Scott Michaels

Scott Michaels

Associate Chair for Research and Facilities, Biology

Professor, Biology

  • (812) 856-0302
  • Myers Hall 316C
  • Office Hours
    By Appointment Only


  • Postdoctoral Fellow, University of Wisconsin-Madison
  • Ph.D., University of Wisconsin-Madison



Myers Hall 359
(812) 856-0355


Outstanding Junior Faculty Award


A longstanding interest in my laboratory is the regulation of flowering time. Understanding how undifferentiated cells make developmental decisions is a central challenge in biology. In the model plant Arabidopsis, stem cells in the shoot apical meristem (SAM) give rise to all of the above-ground parts of the plant. Early in development, the SAM gives rise to vegetative structures (e.g., leaves), but later switches to produce the reproductive structures (flowers). The timing of this transition is not predetermined and can be influenced by multiple pathways that integrate both endogenous signals and environmental cues. We are particularly interested in the role of that the floral repressor FLOWERING LOCUS C (FLC) plays in the regulation of flowering. FLC is the major target of the vernalization pathway (the promotion of flowering by cold). Vernalization results in a mitotically stable epigenetic repression of FLC that is mediated by repressive histone modifications, such as H3K27me3. Because of the epigenetic regulation of FLC, our work on flowering time has led to the discovery of a number of epigenetic regulators that play much broader roles in development.

Our current research combines flowering time, gene regulation, epigenetics, and chromatin structure/function. Our laboratory has discovered a previously undescribed class of Arabidopsis transcription factors, BORDER (BDR) proteins, that are providing insight into the relationship between the 3-dimensional arrangement of chromatin and transcription. Changes in gene expression play a central role in development, as well as responses to environmental stimuli/stress. Depending on the situation, hundreds to thousands of genes will show significant changes in expression. A major challenge during these large-scale changes in gene expression is to ensure that changes are restricted to target genes and do not affect the expression of neighboring genes. In animals, CCCTC-binding factor (CTCF) plays a critical role in the formation of chromatin loops and the activity of insulator sequences that separate transcriptional domains. Despite the fact that CTCF homologs are not found in plants, chromatin loops are a significant feature of the Arabidopsis genome, where intragenic “gene loops” often occur between the 5’ and 3’ regions of genes. The function of these gene loops, as well has how they are formed in the absence of CTCF-type insulator proteins, are currently unclear. Our work on BORDER (BDR) proteins are providing insight into the relationship between the 3-dimensional arrangement of chromatin and transcription. BDR proteins interact with RNA polymerase II (Pol II) and are overrepresented in the 5’ and 3’ regions of genes containing gene loops. In bdr mutants, the expression of the loop-containing gene is unaffected, however, the expression of genes that are located downstream on the same DNA strand from the loop-containing gene are downregulated. This suggests a model in which BDR interacts with gene loops to prevent the transcription of upstream genes from interfering with the expression of downstream neighbors. In our future research, will use a range of complementary approaches to investigate the role of BDR proteins in gene loops and transcriptional regulation. These will include using HiC and related techniques to determine the requirement for BDR proteins in the formation and/or function of gene loops, using biochemistry to determine the effect of BDR on Pol II elongation and/or pausing, and using the regulation of flowering time as a system to study the role of BDR proteins in development. Because proteins with BDR-like domain structures occur in plants, animals, and yeast, we believe the knowledge gained in these studies will have broad applications, including human health and food security.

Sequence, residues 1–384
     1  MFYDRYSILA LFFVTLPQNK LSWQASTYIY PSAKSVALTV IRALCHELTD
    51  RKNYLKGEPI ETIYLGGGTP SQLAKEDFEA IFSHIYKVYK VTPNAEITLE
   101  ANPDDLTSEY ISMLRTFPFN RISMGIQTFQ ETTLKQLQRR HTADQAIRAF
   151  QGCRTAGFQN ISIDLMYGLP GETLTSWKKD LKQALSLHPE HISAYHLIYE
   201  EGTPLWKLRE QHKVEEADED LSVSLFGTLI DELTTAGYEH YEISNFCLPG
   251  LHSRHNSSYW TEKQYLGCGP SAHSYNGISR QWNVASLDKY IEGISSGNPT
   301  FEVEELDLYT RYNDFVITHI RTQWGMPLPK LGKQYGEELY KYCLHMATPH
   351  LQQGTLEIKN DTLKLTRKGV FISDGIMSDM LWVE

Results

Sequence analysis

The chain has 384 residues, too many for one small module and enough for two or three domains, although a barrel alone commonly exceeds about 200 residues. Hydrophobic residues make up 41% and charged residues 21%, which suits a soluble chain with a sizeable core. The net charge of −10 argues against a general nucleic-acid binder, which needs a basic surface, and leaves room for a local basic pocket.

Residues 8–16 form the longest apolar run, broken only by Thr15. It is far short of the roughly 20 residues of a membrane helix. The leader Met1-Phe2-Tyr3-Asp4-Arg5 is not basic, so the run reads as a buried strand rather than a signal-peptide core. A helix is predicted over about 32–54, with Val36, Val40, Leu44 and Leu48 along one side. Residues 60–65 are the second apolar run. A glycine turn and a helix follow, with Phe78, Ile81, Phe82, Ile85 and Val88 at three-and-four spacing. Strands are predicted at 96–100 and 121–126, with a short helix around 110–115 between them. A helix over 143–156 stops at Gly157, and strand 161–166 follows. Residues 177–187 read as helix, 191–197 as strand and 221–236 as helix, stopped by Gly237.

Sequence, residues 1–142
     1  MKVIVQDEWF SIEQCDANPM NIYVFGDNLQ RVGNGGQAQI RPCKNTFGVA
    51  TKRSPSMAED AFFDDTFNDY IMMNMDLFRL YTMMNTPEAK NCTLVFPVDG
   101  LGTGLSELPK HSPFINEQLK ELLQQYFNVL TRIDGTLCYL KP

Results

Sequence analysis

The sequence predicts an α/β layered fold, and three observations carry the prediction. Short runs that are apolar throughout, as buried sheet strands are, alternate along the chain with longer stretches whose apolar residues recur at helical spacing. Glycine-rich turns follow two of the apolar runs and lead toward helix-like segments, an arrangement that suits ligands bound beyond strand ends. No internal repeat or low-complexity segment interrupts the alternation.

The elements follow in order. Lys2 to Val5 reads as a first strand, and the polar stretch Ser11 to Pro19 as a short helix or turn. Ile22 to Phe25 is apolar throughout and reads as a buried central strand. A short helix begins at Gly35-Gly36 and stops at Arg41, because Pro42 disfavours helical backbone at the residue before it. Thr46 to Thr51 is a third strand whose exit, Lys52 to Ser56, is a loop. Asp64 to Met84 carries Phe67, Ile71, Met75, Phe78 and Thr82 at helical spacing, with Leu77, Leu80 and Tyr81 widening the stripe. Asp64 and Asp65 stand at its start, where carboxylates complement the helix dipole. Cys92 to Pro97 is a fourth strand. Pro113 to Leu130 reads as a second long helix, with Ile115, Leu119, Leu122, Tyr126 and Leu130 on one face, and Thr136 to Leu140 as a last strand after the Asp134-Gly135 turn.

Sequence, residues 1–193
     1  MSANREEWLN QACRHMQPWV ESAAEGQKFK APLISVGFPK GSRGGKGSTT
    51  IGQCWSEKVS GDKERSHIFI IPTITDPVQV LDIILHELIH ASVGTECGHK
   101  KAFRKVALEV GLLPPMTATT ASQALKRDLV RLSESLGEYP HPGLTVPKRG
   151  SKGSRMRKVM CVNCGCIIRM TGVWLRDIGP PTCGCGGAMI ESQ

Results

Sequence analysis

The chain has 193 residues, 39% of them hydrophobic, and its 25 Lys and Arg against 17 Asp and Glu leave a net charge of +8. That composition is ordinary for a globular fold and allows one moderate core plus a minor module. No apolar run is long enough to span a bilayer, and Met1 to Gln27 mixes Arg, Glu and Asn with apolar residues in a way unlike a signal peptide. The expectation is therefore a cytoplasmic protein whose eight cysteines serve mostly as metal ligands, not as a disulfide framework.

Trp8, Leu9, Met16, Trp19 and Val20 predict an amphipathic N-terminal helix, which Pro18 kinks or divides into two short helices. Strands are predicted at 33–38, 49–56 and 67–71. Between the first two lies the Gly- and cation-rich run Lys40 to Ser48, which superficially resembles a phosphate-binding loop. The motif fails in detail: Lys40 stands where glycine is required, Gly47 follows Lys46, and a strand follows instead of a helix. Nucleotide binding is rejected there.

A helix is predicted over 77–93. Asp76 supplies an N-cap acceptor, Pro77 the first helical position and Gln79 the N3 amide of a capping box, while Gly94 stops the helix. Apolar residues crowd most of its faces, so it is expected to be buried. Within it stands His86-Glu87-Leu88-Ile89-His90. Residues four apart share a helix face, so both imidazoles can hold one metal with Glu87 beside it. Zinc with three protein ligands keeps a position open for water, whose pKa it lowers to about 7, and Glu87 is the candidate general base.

Research Areas

Chromatin, Chromosomes, and Genome Integrity
Developmental Mechanisms and Regulation in Eukaryotic Systems
Plant Molecular Biology


Wei Feng, Christopher Hale, Shawn Cokus, Steven E. Jacobsen, and Scott D. Michaels. 2017. Large-scale heterochromatin remodeling linked to over replication-associated DNA damage. PNAS. 114(2) 406-11.

Bergamin E, Sarvan S, Malette J, Eram MS, Yeung S, Mongeon V, Joshi M, Brunzelle JS, Michaels SD, Blais A, Vedadi M, Couture JF: Molecular basis for the methylation specificity of ATXR5 for histone H3. Nucleic Acids Res 2017.

Christopher J. Hale, Magdalena E. Potok, Jennifer Lopez, Truman Do, Ao Liu, Javier Gallego-Bartolome, Scott D. Michaels and Steven E. Jacobsen. 2016. Identification of Multiple Proteins Coupling Transcriptional Gene Silencing to Genome Stability in Arabidopsis thaliana. PLoS Genet. Jun 2;12(6).

Yannick Jacob, Elisa Bergamin, Mark T.A. Donoghue, Vanessa Mongeon, Chantal LeBlanc, Philipp Voigt, Charles J. Underwood, Joseph S. Brunzelle, Scott D. Michaels, Danny Reinberg, Jean-François Couture, and Robert A. Martienssen. 2014. Selective methylation of histone H3 variant H3.1 regulates heterochromatin replication. Science, 343: 1249-1253.

Yannick Jacob, Hume Stroud, Chantal LeBlanc, Suhua Feng, Luting Zhuo, Elena Caro, Christiane Hassel, Crisanto Gutierrez, Scott D. Michaels and Steven E. Jacobsen. 2010. Two histone H3 lysine 27 methyltransferases, ATXR5 and ATXR6, regulate heterochromatic DNA replication. Nature, 466: 987-991.

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